Combine both flours, the chilli and turmeric powders. Add the warm oil and mix well. The original recipe only had oil, but for me, with only oil, it did not even become close to a dough and I had to slowly add 1 dl of warm water to form the dough. There is no need to knead the dough.

Once the dough is ready, finish to prepare the filling:

Blend the onion mixture, sesame/poppy/coconut powder, lime juice, salt and cilantro into a paste.

Rather than  shaping them in a triangle shape, I decide to  use my pasta cutter and shape them in half circle, like agnolotti (hee hee, I haven’t yet tried to make my own pasta, and thought it would be a nice tool to shape them).

Sprinkle some flour on your working plan. Take some of the dough and roll it until about 2 mm thin.

Cut circles with the pasta cutter or with a some cup. Place a teaspoon of the paste at on one half of the circle. Brush some water on the dough, where there is no paste. Fold the part without stuffing over the other one. Press firmly around the edges

If you prefer to shape them in triangle, see instructions here.

Heat oil in a pan or deep frier. Fry for a few minutes, until golden brown. For me it was very quick, less than two minutes.

Drain on absorbing paper and serve immediately with chilli sauce or a chutney.

Bouchées à la Coriandre – Pudachi wadi, pour l’Indian Cooking Challenge

Pour le Indian Cooking Challenge de ce mois, Srivalli nous a demandé de préparer des Puchadi Wadi ou bouchées à la coriandre, un snack originaire de la région du Maharashtra. Elle a choisi une recette sur le blog de Archana: Tried and Tasted Recipes.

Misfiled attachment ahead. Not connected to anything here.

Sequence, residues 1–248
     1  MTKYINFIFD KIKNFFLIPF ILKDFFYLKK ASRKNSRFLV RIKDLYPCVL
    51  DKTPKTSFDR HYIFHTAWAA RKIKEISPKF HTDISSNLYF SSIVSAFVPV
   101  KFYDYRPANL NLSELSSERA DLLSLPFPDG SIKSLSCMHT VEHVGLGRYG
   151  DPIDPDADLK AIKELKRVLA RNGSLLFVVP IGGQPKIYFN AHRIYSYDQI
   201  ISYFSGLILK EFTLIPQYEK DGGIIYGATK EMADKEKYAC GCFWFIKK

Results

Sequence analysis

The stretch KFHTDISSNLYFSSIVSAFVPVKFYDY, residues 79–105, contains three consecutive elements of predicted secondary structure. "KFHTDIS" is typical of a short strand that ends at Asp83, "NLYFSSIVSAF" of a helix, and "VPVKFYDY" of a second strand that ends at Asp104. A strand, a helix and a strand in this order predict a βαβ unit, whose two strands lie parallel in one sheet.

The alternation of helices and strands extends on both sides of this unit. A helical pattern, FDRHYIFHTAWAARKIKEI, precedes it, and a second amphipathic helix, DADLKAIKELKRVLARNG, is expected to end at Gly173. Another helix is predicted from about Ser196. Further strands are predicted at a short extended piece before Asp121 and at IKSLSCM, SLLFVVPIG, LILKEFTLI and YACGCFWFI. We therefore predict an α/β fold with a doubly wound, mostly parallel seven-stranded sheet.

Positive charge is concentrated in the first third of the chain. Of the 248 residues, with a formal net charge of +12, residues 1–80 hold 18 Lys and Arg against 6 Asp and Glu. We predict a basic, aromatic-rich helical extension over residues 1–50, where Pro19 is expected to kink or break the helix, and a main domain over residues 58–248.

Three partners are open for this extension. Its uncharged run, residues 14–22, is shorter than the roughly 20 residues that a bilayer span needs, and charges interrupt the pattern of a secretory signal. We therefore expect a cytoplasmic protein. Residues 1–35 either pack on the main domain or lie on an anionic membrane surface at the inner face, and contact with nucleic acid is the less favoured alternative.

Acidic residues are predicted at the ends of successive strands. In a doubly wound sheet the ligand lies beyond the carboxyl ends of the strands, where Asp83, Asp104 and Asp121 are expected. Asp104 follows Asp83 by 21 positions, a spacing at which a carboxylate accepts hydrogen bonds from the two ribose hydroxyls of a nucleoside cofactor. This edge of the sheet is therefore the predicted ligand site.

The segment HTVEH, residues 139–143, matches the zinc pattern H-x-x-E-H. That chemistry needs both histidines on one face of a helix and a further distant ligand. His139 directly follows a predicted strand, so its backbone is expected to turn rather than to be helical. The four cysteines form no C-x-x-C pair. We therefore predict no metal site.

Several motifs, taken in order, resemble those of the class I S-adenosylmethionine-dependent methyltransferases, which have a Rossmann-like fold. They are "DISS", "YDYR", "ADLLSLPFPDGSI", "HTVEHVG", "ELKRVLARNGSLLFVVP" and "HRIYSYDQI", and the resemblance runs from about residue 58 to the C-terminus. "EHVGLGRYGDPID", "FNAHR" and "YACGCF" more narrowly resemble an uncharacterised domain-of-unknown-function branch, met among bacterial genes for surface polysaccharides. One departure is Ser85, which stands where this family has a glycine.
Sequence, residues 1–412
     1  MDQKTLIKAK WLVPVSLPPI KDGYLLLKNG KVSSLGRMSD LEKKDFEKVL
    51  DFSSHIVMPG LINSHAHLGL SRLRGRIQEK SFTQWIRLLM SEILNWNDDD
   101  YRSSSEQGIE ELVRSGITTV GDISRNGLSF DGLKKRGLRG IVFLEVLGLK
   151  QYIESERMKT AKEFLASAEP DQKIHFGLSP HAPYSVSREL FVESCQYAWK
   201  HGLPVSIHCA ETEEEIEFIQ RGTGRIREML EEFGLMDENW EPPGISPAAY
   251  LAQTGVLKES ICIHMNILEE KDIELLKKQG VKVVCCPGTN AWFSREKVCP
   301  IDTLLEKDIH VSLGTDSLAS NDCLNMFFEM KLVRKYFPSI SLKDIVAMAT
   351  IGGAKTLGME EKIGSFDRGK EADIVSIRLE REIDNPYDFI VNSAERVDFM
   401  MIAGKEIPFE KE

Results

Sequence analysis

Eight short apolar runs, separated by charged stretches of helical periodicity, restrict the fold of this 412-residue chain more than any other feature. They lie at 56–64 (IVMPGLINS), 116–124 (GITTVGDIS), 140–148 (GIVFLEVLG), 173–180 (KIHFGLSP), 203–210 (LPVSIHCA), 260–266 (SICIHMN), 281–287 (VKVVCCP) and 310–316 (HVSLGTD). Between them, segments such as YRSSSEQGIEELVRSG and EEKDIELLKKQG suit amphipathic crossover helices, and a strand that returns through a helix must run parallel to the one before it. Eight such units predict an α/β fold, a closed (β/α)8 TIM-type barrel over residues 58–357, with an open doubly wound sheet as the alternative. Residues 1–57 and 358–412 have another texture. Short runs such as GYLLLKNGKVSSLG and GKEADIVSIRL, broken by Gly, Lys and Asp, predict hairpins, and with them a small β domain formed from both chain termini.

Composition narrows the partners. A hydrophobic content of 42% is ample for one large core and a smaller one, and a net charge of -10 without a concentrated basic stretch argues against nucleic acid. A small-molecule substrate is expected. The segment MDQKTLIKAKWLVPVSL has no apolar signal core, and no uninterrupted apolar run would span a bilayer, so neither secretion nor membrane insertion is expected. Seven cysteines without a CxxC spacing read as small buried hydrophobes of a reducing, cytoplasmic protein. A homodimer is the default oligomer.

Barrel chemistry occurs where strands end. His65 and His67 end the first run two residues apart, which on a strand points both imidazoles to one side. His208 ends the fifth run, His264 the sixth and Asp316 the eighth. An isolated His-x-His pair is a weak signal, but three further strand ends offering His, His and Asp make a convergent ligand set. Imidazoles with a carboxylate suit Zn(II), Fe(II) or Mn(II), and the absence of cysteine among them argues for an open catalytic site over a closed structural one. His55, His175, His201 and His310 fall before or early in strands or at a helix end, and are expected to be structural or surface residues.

J’ai été ravie de découvrir cette recette et vais sûrement la préparer à nouveau. Si vous êtes un accro de coriandre comme moi, c’est le snack idéal! La garniture est à base de feuilles de coriandre, de noix de coco et de graines de sésame et pavot  grillées: tous ces ingrédients se mélangent très bien, ajoutant une saveur particulière à la coriandre.

Ingrédients pour une douzaine 3×4 cm de diamètre

pour la croûte:

100g besan (farine de pois chiche)

100g atta (farine de blé entier)

1 / 2 cuillère à café de sel

1 / 4 cuillère à café de piment en poudre

1 / 4 c. à café de curcuma

3 cuillères à soupe d’huile tiède

environ 1 dl d’eau tiède

pour la garniture:

1 cuillère è soupe d’huile

1 oignon, haché finement

1 piment vert, haché finement

3 gousses d’ail,  écrasées

2 cuillères à soupe de flocons de noix de coco séchée

1 cuillère à soupe de graines de pavot

1 cuillère à soupe de graines de sésame

75g de coriandre lavée et finement hachée

2 pincées de sel

1 / 2 citron vert, pressé

huile pour friture


Griller à sec les graines  de sésame et de pavot et la noix de coco:

Verser la noix de coco dans une poêle sur feu moyen – chaud. Remuer
constamment jusqu’à ce qu’elle commencer à dorer. Transférer dans un bol
et laisser refroidir.